|Publication number||US3232721 A|
|Publication date||Feb 1, 1966|
|Filing date||Mar 15, 1962|
|Priority date||Mar 15, 1962|
|Publication number||US 3232721 A, US 3232721A, US-A-3232721, US3232721 A, US3232721A|
|Inventors||Herbert N Coyner|
|Original Assignee||Phillips Petroleum Co|
|Export Citation||BiBTeX, EndNote, RefMan|
|Patent Citations (10), Referenced by (5), Classifications (9)|
|External Links: USPTO, USPTO Assignment, Espacenet|
United States Patent "cc 3,232,721 SEALING SURFACE 9F SGLID HYDROCARBON POLYMER-CONTAINING COMYOSITION Herbert N. Coyner, Bartlesville, Okla, assign'or to Phillips Petroleum Company, a corporation of Delaware No Drawing. Filed Mar. 15, 1962, Ser. No. 180,026 6 Claims. (Cl. 447) This invention relates to the sealing of the surface of a composition comprising, in solid form, a liquid hydrocarbon and a solid polyolefin. It also relates to the final sealed composition obtained. In one of its aspects, the invention relates to scaling a solid composition comprising a major portion of hydrocarbon which is normally fluid and a minor portion of a polymer of an olefin by heating the solid compositions sufficiently to permit the exteriormost surface or portion of the composition or solid to soften, flow, and to coalesce to form a continuous film which is substantially non-porous. In another of its aspects, the invention relates to the heating of the solid to seal the same by passing thereover a stream of hot gas. In a further aspect of the invention, the sealing can be accomplished by dipping the solid into a suitable hot liquid.
The use of charcoal as a fuel for grills, barbecues and other cooking equipment for broiling, barbecuing and grilling has gained great popularity in recent years, both for indoor and outdoor facilities. This can be attributed to a substantial lowering of the cost, the convenient forms now available and the improvement in the taste of food by charcoal cooking. The most serious drawback to the use of charcoal as a source of heat in broiling food on a grill is the initial ditliculty encountered in getting the charcoal to burn to the desired more or less flameless bed of coals or embers required for grilling, barbecuing or broiling purposes. The kindling point of charcoal being higher than the temperature produced by an ordinary match, some method such as saturating or pouring on a highly flammable fuel before igniting with the match has been necessary. The use of the so-called lighter fluids is not only dangerous but also expensive since much of the fluid is lost by evaporation. This has been a deterrent to many persons who otherwise would avail themselves of the advantages of charcoal broiling. Thus, it can be seen there is a distinct need for an easily ignitable fuel that produces an intense heat, which is particularly adapted for house use as a charcoal lighter or starter fuel and which is not dangerous and inconvenient to handle. The present invention relates to an easily ignitible solid fuel body, Which is not dangerous or inconvenient to handle, that can be used as a starter fuel.
In copending application, Serial Number 180,624, filed March 15, 1962, by James E. Kepple, there is described and claimed a solid composition comprising a normally liquid hydrocarbon and a minor portion of a solid polyolefin. Thus, in the said application, for example, there is claimed a composition comprising a hydrocarbon, which is normally liquid, and solid polyethylene, the solid polyethylene being present as a minor constituent of the composition which nevertheless is, to all intents and purposes as its physical characteristics are viewed, a solid.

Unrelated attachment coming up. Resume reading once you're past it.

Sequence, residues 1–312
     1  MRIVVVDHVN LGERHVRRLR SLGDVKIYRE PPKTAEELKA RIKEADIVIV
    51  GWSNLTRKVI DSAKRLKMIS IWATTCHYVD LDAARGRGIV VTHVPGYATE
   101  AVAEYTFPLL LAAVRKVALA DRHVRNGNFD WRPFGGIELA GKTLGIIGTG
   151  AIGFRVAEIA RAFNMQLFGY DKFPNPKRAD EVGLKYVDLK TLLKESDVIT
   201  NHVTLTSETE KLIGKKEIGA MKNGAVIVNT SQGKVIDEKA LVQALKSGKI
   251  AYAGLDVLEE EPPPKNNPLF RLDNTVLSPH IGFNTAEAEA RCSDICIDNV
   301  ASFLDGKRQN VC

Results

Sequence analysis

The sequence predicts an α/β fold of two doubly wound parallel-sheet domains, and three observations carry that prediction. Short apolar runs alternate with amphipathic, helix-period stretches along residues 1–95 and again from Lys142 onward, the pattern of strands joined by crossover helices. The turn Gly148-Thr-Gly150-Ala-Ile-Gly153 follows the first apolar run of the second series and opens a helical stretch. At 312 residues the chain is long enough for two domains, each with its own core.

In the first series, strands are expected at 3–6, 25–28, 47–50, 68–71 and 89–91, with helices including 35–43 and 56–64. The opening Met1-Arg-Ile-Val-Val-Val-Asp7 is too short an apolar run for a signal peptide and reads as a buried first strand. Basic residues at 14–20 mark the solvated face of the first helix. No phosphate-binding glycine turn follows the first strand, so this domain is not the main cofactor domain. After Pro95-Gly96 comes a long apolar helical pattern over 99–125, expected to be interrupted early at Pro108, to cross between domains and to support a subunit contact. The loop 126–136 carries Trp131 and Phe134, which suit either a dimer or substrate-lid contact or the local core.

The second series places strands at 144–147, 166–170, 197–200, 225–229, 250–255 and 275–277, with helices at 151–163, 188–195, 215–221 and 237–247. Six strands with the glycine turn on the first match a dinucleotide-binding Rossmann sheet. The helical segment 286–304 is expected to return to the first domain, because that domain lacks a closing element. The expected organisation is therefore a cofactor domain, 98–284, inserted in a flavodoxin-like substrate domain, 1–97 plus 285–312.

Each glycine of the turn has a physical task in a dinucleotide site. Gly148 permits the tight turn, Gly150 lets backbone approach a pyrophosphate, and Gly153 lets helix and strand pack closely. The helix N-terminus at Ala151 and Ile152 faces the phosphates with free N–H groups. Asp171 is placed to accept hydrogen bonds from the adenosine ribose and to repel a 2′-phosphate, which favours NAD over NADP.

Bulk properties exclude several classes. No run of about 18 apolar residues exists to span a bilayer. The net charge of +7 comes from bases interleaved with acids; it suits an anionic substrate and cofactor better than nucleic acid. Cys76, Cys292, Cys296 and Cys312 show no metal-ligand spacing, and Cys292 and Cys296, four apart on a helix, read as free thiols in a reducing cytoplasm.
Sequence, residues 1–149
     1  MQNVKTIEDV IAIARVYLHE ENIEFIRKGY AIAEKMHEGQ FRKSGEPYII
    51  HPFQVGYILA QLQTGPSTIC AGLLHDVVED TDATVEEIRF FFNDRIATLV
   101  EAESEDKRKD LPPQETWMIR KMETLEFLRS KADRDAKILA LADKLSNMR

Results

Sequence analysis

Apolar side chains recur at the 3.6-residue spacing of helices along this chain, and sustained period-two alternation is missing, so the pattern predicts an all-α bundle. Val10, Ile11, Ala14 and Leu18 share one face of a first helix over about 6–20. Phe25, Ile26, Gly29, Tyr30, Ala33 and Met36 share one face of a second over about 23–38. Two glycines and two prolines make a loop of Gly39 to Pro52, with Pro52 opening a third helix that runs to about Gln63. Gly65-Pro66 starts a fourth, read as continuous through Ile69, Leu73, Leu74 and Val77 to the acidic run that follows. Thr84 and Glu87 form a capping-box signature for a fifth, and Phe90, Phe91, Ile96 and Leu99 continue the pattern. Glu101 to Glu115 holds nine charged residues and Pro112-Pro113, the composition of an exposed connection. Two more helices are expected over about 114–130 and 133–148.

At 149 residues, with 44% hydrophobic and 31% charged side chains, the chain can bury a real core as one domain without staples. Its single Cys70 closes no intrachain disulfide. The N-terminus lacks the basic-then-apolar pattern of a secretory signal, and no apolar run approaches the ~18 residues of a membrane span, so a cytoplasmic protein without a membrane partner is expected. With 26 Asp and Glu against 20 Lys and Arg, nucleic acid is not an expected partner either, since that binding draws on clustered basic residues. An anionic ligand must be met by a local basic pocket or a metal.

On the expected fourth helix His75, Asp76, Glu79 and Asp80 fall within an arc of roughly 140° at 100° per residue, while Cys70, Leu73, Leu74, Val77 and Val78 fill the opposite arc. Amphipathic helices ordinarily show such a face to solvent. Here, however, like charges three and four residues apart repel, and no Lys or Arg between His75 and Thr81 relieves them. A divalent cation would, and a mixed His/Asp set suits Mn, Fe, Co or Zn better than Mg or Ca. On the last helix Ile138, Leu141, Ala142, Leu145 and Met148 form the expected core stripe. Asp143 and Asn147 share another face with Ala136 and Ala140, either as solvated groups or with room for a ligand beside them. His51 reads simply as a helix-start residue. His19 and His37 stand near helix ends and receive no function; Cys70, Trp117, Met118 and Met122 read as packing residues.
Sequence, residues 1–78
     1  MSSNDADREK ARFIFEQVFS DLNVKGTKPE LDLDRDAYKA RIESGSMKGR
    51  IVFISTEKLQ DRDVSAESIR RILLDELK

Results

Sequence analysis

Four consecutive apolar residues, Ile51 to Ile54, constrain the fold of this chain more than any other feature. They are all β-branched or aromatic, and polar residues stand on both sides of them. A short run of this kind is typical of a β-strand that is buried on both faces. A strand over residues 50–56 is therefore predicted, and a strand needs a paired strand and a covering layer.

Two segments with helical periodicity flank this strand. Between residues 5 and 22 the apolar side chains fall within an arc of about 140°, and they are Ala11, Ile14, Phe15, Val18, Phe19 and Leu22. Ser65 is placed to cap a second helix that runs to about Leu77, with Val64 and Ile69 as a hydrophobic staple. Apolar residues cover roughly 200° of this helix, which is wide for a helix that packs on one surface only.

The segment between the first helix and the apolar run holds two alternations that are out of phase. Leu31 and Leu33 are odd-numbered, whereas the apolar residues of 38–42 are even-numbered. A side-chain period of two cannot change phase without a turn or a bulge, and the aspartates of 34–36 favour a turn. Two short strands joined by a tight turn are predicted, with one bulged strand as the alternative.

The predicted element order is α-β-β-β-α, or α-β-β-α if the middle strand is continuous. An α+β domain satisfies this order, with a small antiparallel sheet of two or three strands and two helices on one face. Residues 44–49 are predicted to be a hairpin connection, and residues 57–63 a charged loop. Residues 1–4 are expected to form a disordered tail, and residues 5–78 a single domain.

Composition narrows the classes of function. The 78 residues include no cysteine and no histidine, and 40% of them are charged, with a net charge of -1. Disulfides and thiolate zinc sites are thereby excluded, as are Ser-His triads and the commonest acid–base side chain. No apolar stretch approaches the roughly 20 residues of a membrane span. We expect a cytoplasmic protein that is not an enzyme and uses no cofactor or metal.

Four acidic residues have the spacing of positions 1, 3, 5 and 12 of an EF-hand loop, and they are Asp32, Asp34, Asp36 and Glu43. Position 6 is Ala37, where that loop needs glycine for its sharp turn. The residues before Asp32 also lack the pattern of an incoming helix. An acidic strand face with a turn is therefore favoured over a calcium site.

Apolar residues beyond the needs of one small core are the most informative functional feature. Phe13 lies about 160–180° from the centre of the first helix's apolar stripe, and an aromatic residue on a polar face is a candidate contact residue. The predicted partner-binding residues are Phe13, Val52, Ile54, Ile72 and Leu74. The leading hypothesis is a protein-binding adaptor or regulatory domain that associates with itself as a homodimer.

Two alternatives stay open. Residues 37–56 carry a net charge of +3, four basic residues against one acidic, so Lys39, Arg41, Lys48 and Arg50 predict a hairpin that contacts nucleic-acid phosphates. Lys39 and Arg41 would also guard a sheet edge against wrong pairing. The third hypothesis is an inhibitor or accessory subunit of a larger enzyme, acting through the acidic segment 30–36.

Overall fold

Further, in Serial Number 180,005, filed March 15, 1962, by Charles R. Wilder, there is set forth, described 7 3,232,721 Patented Feb. 1 1966 and claimed a form-stable fuel composition comprising a normally liquid hydrocarbon fuel and a transpolymer of a conjugated theme or a mixture of a trans-polymer of a conjugated diene and a solid polyolefin.
The present invention is applicable to the solid compositions of the said applications in connection with'which it will now be described.
It has been found that the solid compositions of the applications above-mentioned sometimes have a tendency, upon storage, or upon some heating to lose a portion of the liquid hydrocarbon therein contained. It has now een conceived that by heating the solid compositions under suitable conditions, it is possible to form a skin of the polymer contained in the composition and that this skin will render the solid substantially vapor-tight and, therefore, vapor-loss free.
It is an object of this invention to form a sealing surface upon a solid composition comprising a normally liquid hydrocarbon and a solid polymer.
It is another object of this invention to provide a substantially vapor-loss free solid composition comprising a normally fluid hydrocarbon and a solid polymer such as polyethylene and/ or trans-polydiene.
A further object is to provide an easily ignitible fuel body adapted to be stored for long periods of time without substantial loss of hydrocarbon fuel therefrom.
Other aspects and objects and the several advantages of this invention are apparent from a study of this disclosure and the appended claims.
According to the present invention, a solid or rigid composition comprising a normally fluid or liquid hydrocarbon and a solid polymer is subjected to a temperature sufliciently elevated and for a period of time suflicient to cause a skin of melted polymer on the surface of the solid composition whereupon the skin is cooled and soiidified, providing a thin skin of substantially nonporous polymer which serves to seal against loss of volatile hydrocarbons in the solid composition. x
The thus-sealed, solid compositioncan be stored for very long periods of time, can be transported, even in water, as described in said Serial Number 180,024, filed March 15, 1962, by James E. Kepple, and generally can be more effectively utilized Whenever, at least for a time, vapor-loss is to be substantially completely avoided.